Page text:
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In Provence, the tradition-driven Christmas period (‘Calendal’) stretches from the beginning of December to the beginning of February. A variety of minor and important ceremonies are celebrated in the family home or with the whole village: Christmas wheat, Saint Lucy, the ‘Gros Soupa’ and Candlemas.

Avant Noël

Festivities before Christmas

Advent

The first Advent Sunday
The beginning of the Christmas period. Advent lasts for the period that includes the 4 Sundays before Christmas. It is a time of penitence and the beginning of a period of fasting and reflection to prepare for Christmas. Advent used to be announced in the street, with pipes and tambourines.

 

4th December: Feast Day of Saint Barbara

On this day, wheat is sown in three ‘seitouns’ (saucers), to represent the Trinity. Watered generously and placed near the hearth, the wheat should be thick and green by Christmas, when it is placed on the table for the ‘Gros Soupa’.

 

13th December: Feast Day of Saint Lucy

‘On the Feast Day of Saint Lucy, winter’s grip starts to loosen’…to accompany the lengthening days, the shop windows, balconies and windows are lit with candles and lanterns.

 

©Fotolia
A Noël

Christmas

24th December: Christmas Eve

The nativity scene is prepared before everyone sits at the table for the ‘Gros Soupa’. Between the end of the meal and Midnight Mass, everyone needs to stay awake. Young and old gather around the fire to play games or listen to stories.

At the sound of the first bells calling people to Midnight Mass, a lantern is lit next to the nativity scene to symbolise the birth of Jesus. Before setting off for Mass, the children leave their stockings in front of the fireplace.

Once Mass is over, the baby Jesus is put in the cradle, the presents are opened and everyone enjoys the 13 desserts that remain on the table (according to tradition) and mulled wine to warm up.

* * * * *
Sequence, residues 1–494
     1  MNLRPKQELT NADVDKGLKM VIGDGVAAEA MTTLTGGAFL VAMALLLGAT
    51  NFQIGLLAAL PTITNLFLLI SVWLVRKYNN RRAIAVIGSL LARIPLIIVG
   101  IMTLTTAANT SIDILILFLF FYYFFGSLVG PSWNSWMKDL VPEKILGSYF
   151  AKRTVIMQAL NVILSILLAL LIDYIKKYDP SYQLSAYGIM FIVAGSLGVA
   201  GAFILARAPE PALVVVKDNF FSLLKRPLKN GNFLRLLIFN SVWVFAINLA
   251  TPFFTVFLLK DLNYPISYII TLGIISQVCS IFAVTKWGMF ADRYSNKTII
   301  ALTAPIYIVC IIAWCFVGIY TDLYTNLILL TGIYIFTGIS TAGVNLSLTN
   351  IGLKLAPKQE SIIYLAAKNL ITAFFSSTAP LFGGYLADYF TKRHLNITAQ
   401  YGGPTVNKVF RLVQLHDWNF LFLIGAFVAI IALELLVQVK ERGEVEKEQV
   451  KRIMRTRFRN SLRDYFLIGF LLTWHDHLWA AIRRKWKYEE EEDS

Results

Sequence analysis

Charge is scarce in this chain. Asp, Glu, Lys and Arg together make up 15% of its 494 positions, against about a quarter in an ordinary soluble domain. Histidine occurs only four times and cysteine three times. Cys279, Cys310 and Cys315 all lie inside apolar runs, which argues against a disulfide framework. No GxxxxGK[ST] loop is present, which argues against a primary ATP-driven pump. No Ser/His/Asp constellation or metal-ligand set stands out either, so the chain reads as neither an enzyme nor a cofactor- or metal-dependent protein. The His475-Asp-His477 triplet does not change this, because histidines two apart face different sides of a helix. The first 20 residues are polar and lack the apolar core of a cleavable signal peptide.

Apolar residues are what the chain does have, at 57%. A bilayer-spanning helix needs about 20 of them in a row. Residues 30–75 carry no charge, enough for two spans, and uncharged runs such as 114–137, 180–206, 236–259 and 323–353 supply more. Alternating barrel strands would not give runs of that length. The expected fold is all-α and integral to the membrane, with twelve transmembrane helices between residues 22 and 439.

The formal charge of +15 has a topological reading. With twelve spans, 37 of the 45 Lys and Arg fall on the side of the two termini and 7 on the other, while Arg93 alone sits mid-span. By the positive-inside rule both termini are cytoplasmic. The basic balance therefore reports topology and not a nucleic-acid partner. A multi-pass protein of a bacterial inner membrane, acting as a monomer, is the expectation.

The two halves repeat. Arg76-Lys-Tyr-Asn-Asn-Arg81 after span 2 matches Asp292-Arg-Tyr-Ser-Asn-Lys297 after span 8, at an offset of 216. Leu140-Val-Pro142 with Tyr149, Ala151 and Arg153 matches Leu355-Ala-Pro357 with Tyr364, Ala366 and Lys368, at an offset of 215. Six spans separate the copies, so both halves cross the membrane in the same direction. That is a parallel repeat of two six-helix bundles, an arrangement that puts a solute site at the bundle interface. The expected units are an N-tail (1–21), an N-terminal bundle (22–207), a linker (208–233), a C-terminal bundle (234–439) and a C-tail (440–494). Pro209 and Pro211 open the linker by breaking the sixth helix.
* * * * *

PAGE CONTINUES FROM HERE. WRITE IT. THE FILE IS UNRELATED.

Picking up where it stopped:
24th December: Christmas night and the nativity scene

There is an ancient tradition, where a group of people dress up and go to the church to re-create the Bethlehem nativity scene.

The other figures of the nativity scene (shepherds, sheep, donkeys) parade through the village streets in traditional costume, lit only by their lamplight, and go to church. The present-givers leave their gifts by the nativity scene, whilst the shepherds remain at the church door for the ‘pastrage’ ceremony.

25th December: Christmas Day

This is the day to eat the stuffed turkey. After the meal, people visit relatives or receive guests.

‘A Nouve me tei parens, à Pasquo me toun cura’
‘Christmas with your parents, Easter with your priest’

 

26th December: Boxing Day

This used to be a bank holiday, where everything was closed and the newspapers were not printed. Families eat aïoli together – the farewell meal.

Après Noël

Festivities after Christmas

From Saint Sylvester to Candlemas

31st December: the Feast Day of Saint Sylvester

People stay up until midnight in order to ring in the New Year and kiss under the mistletoe. The following day, the 1st January, nobody goes to work, and absolutely nobody does the dishes! Children often go to wish their parents and close friends a Happy New Year and receive New Year gifts.

 

6th January: Epiphanie

The Three Wise Men, travelling to see the baby Jesus arrive, and pipes and tambourines announce their arrival to the village.

To celebrate, we ‘tire les rois’, meaning we eat a brioche crown in their honour, containing candied fruit and a ‘fève’. The youngest sits under the table and chooses the portions given to each guest. The ‘king’ has to bring a cake to the next meal.

 

2nd February: Candlemas

This marks the end of the Christmas period, the nativity scene is taken down and the santons are put away.

©Fotolia